Riverton Councilwoman Tawnee McCay said she, too, would oppose it. “I feel like we’re already asking residents to give enough, and I just don’t feel like it’s justified,” she said.
But Riverton Councilman Sheldon Steward chimed in, though acknowledging he was “probably on the unpopular side here,” when he pointed out the main reason Proposition 1 failed in 2015 was likely because of UTA’s scandal-tainted past — which he said was addressed in SB136 with the agency’s restructuring.
“I’ve also got to say, ‘What’s the future of Riverton City and the roads of Riverton City?'” Stewart said. “And I got to tell you … there are quite a few roads that are going into disrepair, that are in need of maintenance, and if we don’t do something about those roads then we will be into a state of failure, which costs us even more.”
The Riverton council decided to continue the discussion and perhaps take action at a later date.
As for Salt Lake County’s fourth largest city, Sandy, the tax hike is on a City Council agenda on Tuesday, according to Councilman Zach Robinson.
Robinson said he hasn’t decided whether he supports or opposes the tax hike yet because he wants to discuss it with his fellow council members first, but he noted transportation is a “big issue” for Sandy.
“Transportation is a major concern for our citizens,” he said. “Whether it’s roads or public transit, it’s an issue I heard about when I was campaigning, and it’s an issue we still hear about now.”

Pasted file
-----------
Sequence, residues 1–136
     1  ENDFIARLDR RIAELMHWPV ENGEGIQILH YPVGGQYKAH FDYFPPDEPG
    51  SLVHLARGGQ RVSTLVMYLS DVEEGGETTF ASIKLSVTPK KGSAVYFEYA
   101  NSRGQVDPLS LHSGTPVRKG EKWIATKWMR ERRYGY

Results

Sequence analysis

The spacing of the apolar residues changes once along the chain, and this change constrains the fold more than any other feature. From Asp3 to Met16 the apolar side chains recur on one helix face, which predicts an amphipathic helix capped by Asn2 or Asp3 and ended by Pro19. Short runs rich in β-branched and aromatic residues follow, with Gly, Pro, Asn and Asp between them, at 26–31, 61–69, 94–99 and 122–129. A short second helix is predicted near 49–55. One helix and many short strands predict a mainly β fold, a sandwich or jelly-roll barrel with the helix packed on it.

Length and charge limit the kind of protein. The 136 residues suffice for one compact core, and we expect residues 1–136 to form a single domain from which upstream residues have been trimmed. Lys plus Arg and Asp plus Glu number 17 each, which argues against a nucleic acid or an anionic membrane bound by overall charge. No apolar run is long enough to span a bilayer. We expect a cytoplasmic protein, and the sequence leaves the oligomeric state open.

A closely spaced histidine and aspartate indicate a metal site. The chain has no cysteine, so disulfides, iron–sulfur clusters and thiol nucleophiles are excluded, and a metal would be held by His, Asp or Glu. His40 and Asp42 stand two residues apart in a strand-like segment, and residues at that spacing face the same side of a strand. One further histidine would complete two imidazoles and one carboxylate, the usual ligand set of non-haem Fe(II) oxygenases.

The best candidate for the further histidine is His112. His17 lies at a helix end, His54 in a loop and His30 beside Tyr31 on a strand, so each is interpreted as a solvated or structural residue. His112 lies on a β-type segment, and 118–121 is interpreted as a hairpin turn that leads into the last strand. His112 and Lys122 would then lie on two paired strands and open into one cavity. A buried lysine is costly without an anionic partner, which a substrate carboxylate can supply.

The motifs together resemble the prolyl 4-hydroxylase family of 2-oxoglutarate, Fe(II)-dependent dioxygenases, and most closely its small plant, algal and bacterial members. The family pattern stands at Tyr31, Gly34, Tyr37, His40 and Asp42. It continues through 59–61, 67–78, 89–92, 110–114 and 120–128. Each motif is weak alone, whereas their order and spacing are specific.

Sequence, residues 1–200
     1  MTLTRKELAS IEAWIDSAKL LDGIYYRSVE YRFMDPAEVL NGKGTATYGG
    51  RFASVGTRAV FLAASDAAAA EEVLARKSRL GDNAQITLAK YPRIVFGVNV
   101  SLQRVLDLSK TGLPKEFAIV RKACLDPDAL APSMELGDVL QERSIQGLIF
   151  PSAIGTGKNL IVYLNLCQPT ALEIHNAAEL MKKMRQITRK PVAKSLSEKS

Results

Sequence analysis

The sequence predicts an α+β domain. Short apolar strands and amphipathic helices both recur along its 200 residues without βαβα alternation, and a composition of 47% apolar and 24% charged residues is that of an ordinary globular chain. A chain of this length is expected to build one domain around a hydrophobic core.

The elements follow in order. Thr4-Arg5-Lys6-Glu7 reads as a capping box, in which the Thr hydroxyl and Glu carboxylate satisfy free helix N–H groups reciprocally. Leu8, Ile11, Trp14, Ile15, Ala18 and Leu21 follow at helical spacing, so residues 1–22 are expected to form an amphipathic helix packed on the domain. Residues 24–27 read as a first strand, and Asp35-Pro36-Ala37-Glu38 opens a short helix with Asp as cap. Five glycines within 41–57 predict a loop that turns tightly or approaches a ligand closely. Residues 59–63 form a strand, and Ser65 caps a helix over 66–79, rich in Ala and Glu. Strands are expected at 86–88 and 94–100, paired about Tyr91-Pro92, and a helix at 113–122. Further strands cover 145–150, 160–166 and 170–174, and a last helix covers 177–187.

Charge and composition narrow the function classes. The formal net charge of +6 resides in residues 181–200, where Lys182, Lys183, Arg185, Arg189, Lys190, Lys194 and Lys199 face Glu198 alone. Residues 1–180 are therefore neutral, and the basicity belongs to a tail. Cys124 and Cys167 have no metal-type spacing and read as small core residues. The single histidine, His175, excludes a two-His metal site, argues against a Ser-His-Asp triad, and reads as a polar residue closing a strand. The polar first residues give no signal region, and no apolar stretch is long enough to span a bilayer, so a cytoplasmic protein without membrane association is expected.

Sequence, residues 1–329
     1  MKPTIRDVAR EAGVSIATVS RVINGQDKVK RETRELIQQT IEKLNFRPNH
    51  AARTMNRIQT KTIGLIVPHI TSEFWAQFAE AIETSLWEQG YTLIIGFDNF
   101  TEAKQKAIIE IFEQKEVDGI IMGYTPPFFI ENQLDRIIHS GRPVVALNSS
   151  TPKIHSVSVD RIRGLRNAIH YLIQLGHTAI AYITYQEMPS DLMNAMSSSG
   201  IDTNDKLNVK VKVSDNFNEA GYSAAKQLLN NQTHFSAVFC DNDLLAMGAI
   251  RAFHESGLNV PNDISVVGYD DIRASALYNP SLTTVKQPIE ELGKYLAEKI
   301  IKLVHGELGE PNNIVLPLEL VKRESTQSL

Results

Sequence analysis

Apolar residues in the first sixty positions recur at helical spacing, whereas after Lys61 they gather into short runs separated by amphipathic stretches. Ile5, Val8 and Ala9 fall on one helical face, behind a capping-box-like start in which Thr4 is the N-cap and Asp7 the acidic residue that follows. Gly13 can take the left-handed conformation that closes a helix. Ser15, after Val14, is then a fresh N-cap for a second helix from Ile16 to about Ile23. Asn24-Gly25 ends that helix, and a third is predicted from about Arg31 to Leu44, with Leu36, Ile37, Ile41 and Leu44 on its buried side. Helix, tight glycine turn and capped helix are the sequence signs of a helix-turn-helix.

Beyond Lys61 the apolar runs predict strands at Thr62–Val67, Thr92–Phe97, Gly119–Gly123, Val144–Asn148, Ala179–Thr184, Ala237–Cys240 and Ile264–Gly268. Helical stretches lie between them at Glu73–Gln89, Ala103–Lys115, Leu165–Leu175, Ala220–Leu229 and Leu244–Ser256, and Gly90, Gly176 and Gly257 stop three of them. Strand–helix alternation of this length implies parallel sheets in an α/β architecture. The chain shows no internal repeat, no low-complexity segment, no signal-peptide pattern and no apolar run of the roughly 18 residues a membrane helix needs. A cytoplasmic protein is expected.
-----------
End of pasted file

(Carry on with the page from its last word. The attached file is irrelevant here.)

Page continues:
But at the same time, Robinson said, “anytime we talk about tax increases we have to realize some people are on fixed incomes, and even the slightest increase can have an impact.”
Robinson said he looks forward to Tuesday’s discussion “because it is such a big deal and a huge part of our community, so I hope we can get some guidance.”
A little further to the south, however, Draper Mayor Troy Walker said he believes his city is “leaning” toward supporting it, though he also said the council needs to discuss it more.
Walker, who has served as a trustee member for UTA, said he “supported Prop 1 to begin with.” Draper “absolutely” needs road and transit funding, he said, and he believes the restructuring of UTA should have addressed the public concerns that caused the tax hike to fail in 2015.
“How do you turn down any money for road improvements?” Walker asked. “We have just as many transportation problems as anyone else — lots of miles of roads and no money to make them better.”